Or, How To Be Trendy In The Milsim Crowd
As I mentioned a couple of times earlier, Western airsoft is mainly about being up to date and up to style while posing for photos on which you look like you're on an assignment, fighting terrorists from the sinister Qaboom at-Turban organization somewhere in southeastern Turbanistan. Of course, if you feel even more milsim , you're going to black your face out of the photo, because, well, that's what real operators do. Or you look like a dope, one or the other. But the photo is only the final effect of being up to style - it's preceded by long and expensive preparations.
First and most important matter is the gun. Chinese clones are right out - you need absolutely the best and most real replica, for instance - Systema PTW. Why, yes, I do know it ain't worth *suitcase*, has shot consistency close to null and is horridly overpriced, but you're not going to actually shoot this thing, right? Oh, wait, you do. So, you want a G&P replica - heavy, with real markings, metal body, and things, and stuff. And, regardless of the manufacturer, it needs a shitload of sticklebrick. RIS rails, that is. What you also need is a nightvision aiming device, like the one actually used by the military - I doubt you're ever going to use it, unless you're ready to get mud on your Weesatch and spend the Saturday night patrolling some God-forgotten woods instead of getting a good night's sleep or partying, but it's your two grand (I doubt you're gonna spend much less on that one). Also, a *fruitcage*-off huge tactical light, the more mil-spec, the better. And a laser. Yes, laser is essential, especially if the dumb law in your country doesn't treat it as a verboten item (figure out WHOSE dumb law I have in mind, you have three guesses). Of course you're not going to use it, but it's cool to freak people out with a green dot (because red ones are demode ), it also looks awesome on the photos in dusty places (sorry, you HAVE to get some dirt on your Weesatch to be trendy!). Vertical foregrip is also very important - no matter how you hold your weapon, it's ALWAYS better (read: more milsim ) with a vertical grip. Also, you need a three-point sling, milspec one if possible. Two-point ones just aren't milsim enough. If you decided on a sidearm (why, of course, go for Western Arms, the fact that they're expensive should only assure you that they're reliable! And don't forget a metal body kit for it!), you need a holster, too. Get a milspec one, don't settle for less. Yes, of course I know there are knockoffs, but forget them - you don't want your gun badly scratched or jammed in that knockoff, right?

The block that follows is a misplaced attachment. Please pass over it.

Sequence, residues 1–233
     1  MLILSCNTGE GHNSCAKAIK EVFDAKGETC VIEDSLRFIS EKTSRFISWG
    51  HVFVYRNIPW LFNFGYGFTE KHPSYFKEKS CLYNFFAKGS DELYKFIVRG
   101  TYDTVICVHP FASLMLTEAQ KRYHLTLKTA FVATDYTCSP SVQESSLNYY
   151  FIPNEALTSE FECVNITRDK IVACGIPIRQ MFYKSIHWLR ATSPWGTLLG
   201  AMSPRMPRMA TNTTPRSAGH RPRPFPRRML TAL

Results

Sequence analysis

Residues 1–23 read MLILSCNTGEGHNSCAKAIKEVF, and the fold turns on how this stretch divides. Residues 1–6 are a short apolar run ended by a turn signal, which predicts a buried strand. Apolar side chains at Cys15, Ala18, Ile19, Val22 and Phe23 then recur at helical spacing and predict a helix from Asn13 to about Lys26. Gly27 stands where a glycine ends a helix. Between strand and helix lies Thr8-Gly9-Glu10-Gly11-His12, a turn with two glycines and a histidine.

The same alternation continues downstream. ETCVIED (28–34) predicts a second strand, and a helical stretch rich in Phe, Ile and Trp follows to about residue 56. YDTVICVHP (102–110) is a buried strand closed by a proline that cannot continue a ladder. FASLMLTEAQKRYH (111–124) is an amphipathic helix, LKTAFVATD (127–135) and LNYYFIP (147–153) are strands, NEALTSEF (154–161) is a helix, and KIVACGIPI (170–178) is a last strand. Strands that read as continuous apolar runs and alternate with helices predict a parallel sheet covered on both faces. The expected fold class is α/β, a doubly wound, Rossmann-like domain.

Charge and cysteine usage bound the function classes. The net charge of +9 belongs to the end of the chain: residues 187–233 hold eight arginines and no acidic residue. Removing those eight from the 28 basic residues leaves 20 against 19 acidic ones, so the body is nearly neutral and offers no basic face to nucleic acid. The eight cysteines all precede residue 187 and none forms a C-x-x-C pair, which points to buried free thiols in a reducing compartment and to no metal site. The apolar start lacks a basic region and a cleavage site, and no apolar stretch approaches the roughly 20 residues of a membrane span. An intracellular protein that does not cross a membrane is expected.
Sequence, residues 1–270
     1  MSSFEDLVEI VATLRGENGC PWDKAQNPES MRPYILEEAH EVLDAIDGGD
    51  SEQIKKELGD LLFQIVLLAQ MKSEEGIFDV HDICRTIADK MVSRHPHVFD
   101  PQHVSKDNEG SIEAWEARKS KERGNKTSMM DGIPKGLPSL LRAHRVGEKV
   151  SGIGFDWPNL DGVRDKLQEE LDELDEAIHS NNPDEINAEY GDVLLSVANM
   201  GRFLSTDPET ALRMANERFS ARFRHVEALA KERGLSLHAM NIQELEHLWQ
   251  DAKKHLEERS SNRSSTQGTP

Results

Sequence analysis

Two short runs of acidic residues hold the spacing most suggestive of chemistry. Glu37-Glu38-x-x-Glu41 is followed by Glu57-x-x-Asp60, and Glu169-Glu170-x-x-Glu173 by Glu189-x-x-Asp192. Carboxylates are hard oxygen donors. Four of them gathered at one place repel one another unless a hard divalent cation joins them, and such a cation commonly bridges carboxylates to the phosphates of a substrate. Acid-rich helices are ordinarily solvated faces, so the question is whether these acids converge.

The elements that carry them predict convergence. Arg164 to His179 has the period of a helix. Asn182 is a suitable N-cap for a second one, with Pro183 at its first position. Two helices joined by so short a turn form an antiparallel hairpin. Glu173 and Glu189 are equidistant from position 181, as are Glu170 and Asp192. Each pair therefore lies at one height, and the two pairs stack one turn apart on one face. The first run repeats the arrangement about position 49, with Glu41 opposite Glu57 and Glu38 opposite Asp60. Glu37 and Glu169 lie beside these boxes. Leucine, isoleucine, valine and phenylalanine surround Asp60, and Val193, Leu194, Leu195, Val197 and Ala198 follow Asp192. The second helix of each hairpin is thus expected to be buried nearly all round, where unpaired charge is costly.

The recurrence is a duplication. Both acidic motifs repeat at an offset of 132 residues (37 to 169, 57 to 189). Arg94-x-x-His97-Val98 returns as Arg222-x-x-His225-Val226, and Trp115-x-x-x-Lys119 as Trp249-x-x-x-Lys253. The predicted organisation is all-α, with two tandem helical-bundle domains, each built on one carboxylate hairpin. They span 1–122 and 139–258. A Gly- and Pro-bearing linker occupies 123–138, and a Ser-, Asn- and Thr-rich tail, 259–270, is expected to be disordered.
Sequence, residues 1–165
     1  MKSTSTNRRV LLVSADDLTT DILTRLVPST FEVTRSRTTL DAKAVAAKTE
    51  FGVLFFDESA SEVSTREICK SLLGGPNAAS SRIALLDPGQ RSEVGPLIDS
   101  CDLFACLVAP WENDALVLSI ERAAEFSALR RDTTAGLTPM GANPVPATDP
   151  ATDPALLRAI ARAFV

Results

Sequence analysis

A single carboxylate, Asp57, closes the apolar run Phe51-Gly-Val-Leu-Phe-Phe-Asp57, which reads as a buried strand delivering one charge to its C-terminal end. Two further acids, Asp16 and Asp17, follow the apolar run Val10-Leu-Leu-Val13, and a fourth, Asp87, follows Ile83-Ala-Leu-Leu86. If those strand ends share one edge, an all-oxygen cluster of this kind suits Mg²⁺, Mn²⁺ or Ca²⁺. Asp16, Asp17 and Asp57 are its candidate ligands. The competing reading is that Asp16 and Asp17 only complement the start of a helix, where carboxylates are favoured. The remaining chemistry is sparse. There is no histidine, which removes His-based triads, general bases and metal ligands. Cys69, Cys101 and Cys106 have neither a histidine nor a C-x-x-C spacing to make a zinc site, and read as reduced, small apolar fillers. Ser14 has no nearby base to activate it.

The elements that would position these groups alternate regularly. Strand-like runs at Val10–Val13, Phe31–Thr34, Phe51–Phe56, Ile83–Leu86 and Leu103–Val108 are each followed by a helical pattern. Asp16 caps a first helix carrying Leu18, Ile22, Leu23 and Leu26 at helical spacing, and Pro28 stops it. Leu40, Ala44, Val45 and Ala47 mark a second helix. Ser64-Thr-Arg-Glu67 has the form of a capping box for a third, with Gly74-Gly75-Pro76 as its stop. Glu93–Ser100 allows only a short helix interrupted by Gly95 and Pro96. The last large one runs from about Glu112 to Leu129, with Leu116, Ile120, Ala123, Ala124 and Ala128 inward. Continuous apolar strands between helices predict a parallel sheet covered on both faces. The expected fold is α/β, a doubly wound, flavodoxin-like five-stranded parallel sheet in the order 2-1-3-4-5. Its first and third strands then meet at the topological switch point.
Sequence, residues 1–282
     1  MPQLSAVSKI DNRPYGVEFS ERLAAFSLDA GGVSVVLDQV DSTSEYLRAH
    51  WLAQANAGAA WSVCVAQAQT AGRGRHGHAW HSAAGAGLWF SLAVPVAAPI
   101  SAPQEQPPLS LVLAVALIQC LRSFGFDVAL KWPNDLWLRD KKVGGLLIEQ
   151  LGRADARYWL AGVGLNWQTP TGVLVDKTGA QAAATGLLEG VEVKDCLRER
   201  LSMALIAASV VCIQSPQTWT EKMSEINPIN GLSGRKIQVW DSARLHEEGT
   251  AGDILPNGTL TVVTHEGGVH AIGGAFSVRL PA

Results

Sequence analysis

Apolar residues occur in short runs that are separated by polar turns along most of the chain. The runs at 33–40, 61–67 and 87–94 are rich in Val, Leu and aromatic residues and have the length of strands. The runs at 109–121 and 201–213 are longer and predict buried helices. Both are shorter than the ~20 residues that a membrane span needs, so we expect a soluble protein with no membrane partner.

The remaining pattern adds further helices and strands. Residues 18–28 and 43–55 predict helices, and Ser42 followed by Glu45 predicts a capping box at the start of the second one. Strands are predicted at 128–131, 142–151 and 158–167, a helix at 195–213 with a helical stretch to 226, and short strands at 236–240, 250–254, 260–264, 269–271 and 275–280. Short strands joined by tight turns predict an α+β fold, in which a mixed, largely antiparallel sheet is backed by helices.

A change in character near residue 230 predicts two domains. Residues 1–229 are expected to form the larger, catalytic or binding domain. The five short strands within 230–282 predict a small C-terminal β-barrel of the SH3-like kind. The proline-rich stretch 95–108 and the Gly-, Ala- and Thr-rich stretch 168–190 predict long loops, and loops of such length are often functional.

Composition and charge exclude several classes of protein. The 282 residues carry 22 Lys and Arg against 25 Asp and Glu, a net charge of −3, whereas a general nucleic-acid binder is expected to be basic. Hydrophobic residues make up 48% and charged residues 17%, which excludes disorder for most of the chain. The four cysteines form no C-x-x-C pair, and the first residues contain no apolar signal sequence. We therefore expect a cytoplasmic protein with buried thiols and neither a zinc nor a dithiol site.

Next up, is the gear. Don't accept any substitutes - go for well-known brand names that supply the military. Original Crye Multicam uniforms are undoubtedly the paramount of milsim fashion, followed by issue ACU. If you decided to go as a PMC, 5.11 clothes are A MUST. Of course, you need to watch out for counterfeit items available for a suspiciously low price from shady EBay sellers - better to pay more and get the absolutely best than pay less and have it split in half over your *albatross* during a photo op. Don't save on MOLLE vests either - why get a cheap, off-color knockoff sewn in some smelly garage in China, when you can get the real deal? They aren't illegal to own. They're just expensive, but remember - you pay for QUALITY! Also, communications gear - same rule applies here, don't buy knockoffs. They're cheap, and nasty, and definitely not milsim . And, also, cheap. If you know where to look, you can also get various little things real operators usually have on themselves - like, for example, plastic zip-cuffs. Of course you're not going to use them (or are you?), but they boost your cred. Considerably.
And finally, patches. It's a contested issue between two camps: the "Why, yes, of course, they're a part of MILITARY SIMULATION too!" camp, who are absolutely right, and "No way, kid, EARN those badges first!" crowd who are just jealous that you have all the fun while they have been kicked around by a psychopath in a Smokey Bear hat to get them. So, patches, to the max. You also need to know how to call them like the real operators would. The Special Forces emblem is an "Electric Butterknife". The 101st Airborne bird is a "Chokin' Chicken" or "Puking Buzzard". And the double "A" on 82nd Airborne stands for "Alcoholics Anonymous". Reading the list of real Army expressions should help you master the soldier-speak.
There. You know everything you need to be the quintessential milsimmer. Of course everyone will treat you like a pompous *albatross*, and rightly so, but you shouldn't care and walk tall. Hooah!